and name the sub directories for the physical location you
    keep the originals in. That way you can easily re-scan
    if needed.


    2) Name the images in three parts:

    - In the front, the date the pic was taken. e.g. "2006 03-17".
    This enables you to do a search on somebody's name and have the
    results come up sorted chronologically. Nice to see the changes
    in somebody's appearance as they mature/age.

    - In the middle, freeform descriptive text.
    e.g. "Ange Steve Steff Easter"

    - At the end, the camera's original name. e.g. "DSCN2056". This
    automatically distinguishes between pix that might have the
    same people in them - so you don't have to tax your mind trying
    to come up with subtly different names.

    Full name e.g.: "2006 03-17 Ange Steve Steff Easter DSCN2056.jpg"


    3) Spring for a full-featured software tool.

    I chose ThumbusPlus (http://www.cerious.com/thumbnails.shtml).
    It does everything I want and much more. It's especially friendly
    when printing: sizing, different orientations, many per page,
    and so-forth.

    I can even store photos offline on DVDs, yet still search/preview
    them without having to mount the DVD that they are on.

    It also lets me slice and dice photos many different ways.
    Using keyword searches on the name, I can see all photos of "Ange",
    or all photos taken at "Easter", and so-on...


    4) Do not use the software tool's annotation feature. Instead, keep
    your information embedded in the picture's name.

    This way you're not hostage to the software. If something better
    comes along you can switch without losing whatever you've typed
    into the software's proprietary DB. Also, databases fail
    occasionally and you're immune to that if you keep the info
    in the file name.
    ----------------------------------------------------------------------
    --
    PeteCresswell
    (PeteCresswell), Apr 30, 2006
    #6
  7. Mike

    Eugene Nine Guest

    (PeteCresswell) wrote:

    > Per Mike:
    >>My digital images are piling up on my hard drive and I need to find the
    >>best
    >>way to organize them....soon!! Does anyone have any suggestions??

    >
    > There is no single "best" way.... my best way might not fit somebody
    > else's requirements.
    >
    > Having said that.....
    > ---------------------------------------------------------------------
    > 1) Store the images in directories that reflect the source.
    >
    > Put the direct-from-camera images in one parent directory
    > and create a new subdirectory named for the date each time
    > you upload a batch. e.g. "2006 04-20" or even "2006 04-20a"...
    > "2006 04-20b".. if you're a heavy user.
    >
    > For scans from film/slides use a different parent directory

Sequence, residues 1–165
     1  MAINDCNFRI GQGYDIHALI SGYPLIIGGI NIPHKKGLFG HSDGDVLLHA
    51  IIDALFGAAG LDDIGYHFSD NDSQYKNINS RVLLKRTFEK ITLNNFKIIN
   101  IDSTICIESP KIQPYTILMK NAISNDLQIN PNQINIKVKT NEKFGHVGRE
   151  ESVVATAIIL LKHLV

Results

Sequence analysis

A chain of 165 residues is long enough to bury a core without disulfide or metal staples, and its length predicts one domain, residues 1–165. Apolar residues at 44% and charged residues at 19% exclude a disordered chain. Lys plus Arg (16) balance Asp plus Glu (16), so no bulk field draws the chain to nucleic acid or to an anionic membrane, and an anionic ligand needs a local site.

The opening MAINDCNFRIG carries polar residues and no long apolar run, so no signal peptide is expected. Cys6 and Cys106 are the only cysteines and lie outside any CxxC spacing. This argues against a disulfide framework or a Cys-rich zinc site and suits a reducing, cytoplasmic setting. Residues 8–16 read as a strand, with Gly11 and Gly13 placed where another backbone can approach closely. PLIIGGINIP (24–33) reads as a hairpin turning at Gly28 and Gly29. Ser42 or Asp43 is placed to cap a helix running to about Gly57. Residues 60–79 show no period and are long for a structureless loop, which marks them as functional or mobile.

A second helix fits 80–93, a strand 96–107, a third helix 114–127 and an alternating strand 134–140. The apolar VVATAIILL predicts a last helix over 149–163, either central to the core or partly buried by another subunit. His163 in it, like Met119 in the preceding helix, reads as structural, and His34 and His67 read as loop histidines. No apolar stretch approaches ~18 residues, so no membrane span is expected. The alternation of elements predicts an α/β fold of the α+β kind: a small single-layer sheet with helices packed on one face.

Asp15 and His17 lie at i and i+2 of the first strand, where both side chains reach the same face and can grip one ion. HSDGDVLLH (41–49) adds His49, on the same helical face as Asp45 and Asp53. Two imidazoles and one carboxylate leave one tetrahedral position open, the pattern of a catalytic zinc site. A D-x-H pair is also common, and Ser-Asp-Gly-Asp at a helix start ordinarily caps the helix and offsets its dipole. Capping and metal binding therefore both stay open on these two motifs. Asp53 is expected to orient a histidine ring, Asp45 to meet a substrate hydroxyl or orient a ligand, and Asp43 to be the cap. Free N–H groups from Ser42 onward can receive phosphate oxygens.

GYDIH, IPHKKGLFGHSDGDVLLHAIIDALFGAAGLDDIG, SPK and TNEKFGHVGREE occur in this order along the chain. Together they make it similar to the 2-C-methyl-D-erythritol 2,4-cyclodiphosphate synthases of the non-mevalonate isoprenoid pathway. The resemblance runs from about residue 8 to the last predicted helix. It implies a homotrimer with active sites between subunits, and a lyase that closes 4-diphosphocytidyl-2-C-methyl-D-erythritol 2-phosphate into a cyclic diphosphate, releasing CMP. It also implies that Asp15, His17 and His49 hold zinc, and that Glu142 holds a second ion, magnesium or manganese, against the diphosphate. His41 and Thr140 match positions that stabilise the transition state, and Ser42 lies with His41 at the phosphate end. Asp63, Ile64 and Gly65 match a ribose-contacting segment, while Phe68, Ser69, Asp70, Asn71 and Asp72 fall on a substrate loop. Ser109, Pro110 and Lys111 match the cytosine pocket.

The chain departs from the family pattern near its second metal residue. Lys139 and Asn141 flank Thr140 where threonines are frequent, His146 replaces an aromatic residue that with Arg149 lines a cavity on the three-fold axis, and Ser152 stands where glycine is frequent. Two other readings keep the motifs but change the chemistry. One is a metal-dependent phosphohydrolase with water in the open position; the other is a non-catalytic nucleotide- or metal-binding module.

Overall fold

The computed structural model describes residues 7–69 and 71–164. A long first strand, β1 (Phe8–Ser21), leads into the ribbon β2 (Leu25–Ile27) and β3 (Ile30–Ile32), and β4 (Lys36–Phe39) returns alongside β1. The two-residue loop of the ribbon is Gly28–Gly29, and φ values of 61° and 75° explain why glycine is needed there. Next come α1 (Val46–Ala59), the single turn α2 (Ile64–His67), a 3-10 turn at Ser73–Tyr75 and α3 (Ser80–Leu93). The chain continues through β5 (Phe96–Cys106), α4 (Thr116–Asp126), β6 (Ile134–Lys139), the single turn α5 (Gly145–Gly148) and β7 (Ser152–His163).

> and name the sub directories for the physical location you
    > keep the originals in. That way you can easily re-scan
    > if needed.
    >
    >
    > 2) Name the images in three parts:
    >
    > - In the front, the date the pic was taken. e.g. "2006 03-17".
    > This enables you to do a search on somebody's name and have the
    > results come up sorted chronologically. Nice to see the changes
    > in somebody's appearance as they mature/age.
    >
    > - In the middle, freeform descriptive text.
    > e.g. "Ange Steve Steff Easter"
    >
    > - At the end, the camera's original name. e.g. "DSCN2056". This
    > automatically distinguishes between pix that might have the
    > same people in them - so you don't have to tax your mind trying
    > to come up with subtly different names.
    >
    > Full name e.g.: "2006 03-17 Ange Steve Steff Easter DSCN2056.jpg"
    >
    >
    > 3) Spring for a full-featured software tool.
    >
    > I chose ThumbusPlus (http://www.cerious.com/thumbnails.shtml).
    > It does everything I want and much more. It's especially friendly
    > when printing: sizing, different orientations, many per page,
    > and so-forth.
    >
    > I can even store photos offline on DVDs, yet still search/preview
    > them without having to mount the DVD that they are on.
    >
    > It also lets me slice and dice photos many different ways.
    > Using keyword searches on the name, I can see all photos of "Ange",
    > or all photos taken at "Easter", and so-on...
    >
    >
    > 4) Do not use the software tool's annotation feature. Instead, keep
    > your information embedded in the picture's name.
    >
    > This way you're not hostage to the software. If something better
    > comes along you can switch without losing whatever you've typed
    > into the software's proprietary DB. Also, databases fail
    > occasionally and you're immune to that if you keep the info
    > in the file name.
    > ----------------------------------------------------------------------


    Instead of embedding in the name of the picture, just embed in the standard
    exif fields. The date/time is tagged there already and there is a field
    for image description and user comment. I leave the filenames stay the
    same and just view the datetime column and description and comment columns
    that way I can search or sort on each tag individually.
    Most programs can read this exif data so its portable no matter what
    software I use.
    Eugene Nine, Apr 30, 2006
    #7
  8. Mike

    lindadorsey

    Joined:
    Jul 10, 2013
    Messages:
    1
    Thank you great resource! I will definitely try that.

    I am using Visual Similarity Duplicate Image Finder by MindGems to find similar photos - it is a great tool!
    lindadorsey, Jul 10, 2013
    #8